strong impression that you can't make a silk purse from a sow's ear. It is not ludicrous, but sad, to see such soldiers in this Army of the Potomac, after three years of experience. The man could not have been better: tall, strong, respectful, and docile; but no one had ever taught him. It was a clear case of waste of fine material, left in all its crudity instead of being worked up. And this is the grand characteristic of this war — waste. We waste arms, clothing, ammunition, and subsistence; but, above all, men. We don't make them go far enough, because we have no military or social caste to make officers from. Regiments that have been officered by gentlemen of education have invariably done well, like the 2d, 20th, and 24th Massachusetts, and the 1st Massachusetts Cavalry. Even the 44th and the 45th, nine-monthers, behaved with credit; though there was this drawback in them, that the privates were too familiar with the officers, having known them before. However, perfection does not exist anywhere, and we should be thankful for the manifold virtues our soldiers do pre-eminently possess. I see much to make me more contented in reading Napier, before referred to. After the taking of Badajos, the English allowed their own wounded to lie two days in the breach, without an attempt to carry them off.. This is the nation that now gives us very good lectures on humanity. As to old Wellington, I suspect he was about as savage an old brute as would be easy to find.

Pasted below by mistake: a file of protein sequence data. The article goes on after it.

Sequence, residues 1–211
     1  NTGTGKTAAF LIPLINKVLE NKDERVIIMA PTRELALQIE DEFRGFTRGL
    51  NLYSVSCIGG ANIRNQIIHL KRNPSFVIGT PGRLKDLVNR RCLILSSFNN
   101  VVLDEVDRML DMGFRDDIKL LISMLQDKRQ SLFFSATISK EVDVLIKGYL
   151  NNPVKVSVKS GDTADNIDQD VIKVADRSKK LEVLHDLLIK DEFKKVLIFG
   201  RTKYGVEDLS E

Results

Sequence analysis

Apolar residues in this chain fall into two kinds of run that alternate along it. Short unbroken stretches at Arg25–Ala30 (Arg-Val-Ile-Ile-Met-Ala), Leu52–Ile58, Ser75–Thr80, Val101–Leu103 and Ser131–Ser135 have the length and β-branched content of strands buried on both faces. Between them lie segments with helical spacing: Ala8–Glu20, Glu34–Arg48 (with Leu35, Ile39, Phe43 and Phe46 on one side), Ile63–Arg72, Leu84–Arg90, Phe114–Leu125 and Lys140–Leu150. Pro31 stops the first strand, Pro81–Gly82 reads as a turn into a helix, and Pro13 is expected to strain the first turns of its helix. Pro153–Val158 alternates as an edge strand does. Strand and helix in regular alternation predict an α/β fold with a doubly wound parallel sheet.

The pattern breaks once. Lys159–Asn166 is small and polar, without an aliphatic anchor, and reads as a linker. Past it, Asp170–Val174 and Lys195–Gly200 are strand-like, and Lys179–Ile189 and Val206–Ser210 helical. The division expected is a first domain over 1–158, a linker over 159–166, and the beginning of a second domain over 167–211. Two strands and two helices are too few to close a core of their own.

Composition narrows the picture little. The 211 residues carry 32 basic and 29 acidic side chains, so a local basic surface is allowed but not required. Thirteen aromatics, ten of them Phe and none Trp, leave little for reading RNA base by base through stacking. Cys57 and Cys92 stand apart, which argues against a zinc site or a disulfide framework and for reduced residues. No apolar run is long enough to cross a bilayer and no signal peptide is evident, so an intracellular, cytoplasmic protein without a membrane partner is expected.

August 8, 1864“What do you think of filling up with Germans?” you ask. Now, what do you think of a man who has the toothache — a werry, werry big molar!--and who has not the courage to march up and have it out, but tries to persuade himself that he can buy some patent pain-killer that will